Nature Magnitude and distribution of HIV-AIDS in Australia

Essay by lollypopgeorgeCollege, UndergraduateB, August 2007

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Human Immunodeficiency Virus – Acquired Immunodeficiency Syndrome (HIV-AIDS) is a terminal illness, which brings about a gradual deterioration in the bodies’ immune system, leaving the person vulnerable to disease and infections, which can result in death. HIV-AIDS carries with it a large social stigma for those who contract it because transmission is most predominant through homosexual contact. Several communities have a higher risk of being affected by HIV-AIDS and these factors tend to be gender, age, sexual orientation and area of living. While HIV-AIDS is not nearly as predominant an illness in Australia as, for example, cancers it has large social, economical and health impacts on those who contract it.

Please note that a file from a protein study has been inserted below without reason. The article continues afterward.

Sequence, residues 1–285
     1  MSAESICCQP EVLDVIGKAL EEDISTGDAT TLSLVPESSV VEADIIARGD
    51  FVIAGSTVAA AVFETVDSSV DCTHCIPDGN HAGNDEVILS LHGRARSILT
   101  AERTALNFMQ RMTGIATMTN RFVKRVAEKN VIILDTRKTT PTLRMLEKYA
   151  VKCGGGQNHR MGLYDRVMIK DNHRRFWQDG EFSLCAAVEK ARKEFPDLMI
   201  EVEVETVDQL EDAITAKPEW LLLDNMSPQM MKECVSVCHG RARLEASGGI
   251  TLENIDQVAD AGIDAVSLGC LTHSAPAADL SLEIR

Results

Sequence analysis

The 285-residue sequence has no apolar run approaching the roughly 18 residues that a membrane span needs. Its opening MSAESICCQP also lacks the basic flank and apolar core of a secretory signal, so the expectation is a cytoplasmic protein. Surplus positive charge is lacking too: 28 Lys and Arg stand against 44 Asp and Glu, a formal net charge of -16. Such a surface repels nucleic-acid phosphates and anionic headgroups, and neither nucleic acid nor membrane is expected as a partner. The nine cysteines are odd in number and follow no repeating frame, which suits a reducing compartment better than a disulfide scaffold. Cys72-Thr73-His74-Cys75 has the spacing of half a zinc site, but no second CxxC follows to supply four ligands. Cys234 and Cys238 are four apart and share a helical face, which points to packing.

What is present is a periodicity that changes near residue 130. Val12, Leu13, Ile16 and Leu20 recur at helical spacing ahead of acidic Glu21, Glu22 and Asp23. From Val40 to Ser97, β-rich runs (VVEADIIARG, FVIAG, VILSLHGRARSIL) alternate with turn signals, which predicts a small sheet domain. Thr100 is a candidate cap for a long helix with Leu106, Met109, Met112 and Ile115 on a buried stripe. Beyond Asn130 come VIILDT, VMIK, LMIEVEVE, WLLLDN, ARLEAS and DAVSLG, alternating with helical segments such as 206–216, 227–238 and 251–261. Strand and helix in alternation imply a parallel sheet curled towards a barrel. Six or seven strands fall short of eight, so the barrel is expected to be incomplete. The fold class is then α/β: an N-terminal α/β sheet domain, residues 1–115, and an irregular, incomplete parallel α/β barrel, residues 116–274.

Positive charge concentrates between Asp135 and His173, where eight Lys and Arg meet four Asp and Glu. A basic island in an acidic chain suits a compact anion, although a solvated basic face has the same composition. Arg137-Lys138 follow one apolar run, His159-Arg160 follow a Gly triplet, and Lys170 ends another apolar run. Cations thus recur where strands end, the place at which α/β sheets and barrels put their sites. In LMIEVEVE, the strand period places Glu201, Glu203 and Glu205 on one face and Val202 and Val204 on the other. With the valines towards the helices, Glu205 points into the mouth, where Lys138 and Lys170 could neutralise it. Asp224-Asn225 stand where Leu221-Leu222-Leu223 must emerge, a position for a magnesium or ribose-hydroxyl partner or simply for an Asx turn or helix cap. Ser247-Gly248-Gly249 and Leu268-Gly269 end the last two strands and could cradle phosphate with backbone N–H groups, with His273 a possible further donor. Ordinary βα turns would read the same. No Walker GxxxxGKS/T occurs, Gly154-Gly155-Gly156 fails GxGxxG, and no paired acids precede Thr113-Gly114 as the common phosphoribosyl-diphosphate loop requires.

Since HIV-AIDS was first recorded in the late 1980’s there have been over 25,000 HIV and over 9000 AIDS diagnoses. It has been found that the population groups most affected and how the virus was transmitted influence the distribution of HIV-AIDS in Australia.

The main cause of transmission of HIV up to 2005 was male homosexual contact, which is supported by the fact that 92.8% of AIDS cases by 2002 were male. The next to transmission types in 2002 were heterosexual contact, which increased dramatically since 1993 (3.7%) to 2002 where it made up 17.6% of HIV exposures. Injecting drug use as a form of transmission has also increased slightly but is relatively small (3.8%) compared to homosexual and heterosexual contact.

Distribution of HIV-AIDS also varies within the states of Australia. Relative to population size New South Wales and Victoria have the highest number of diagnoses for both HIV and AIDS while Tasmania had the lowest number of diagnoses for both. However these differences reflect the larger homosexual populations in both NSW and Victoria than Tasmania. Age seems to also be a factor in AIDS diagnoses with the median age...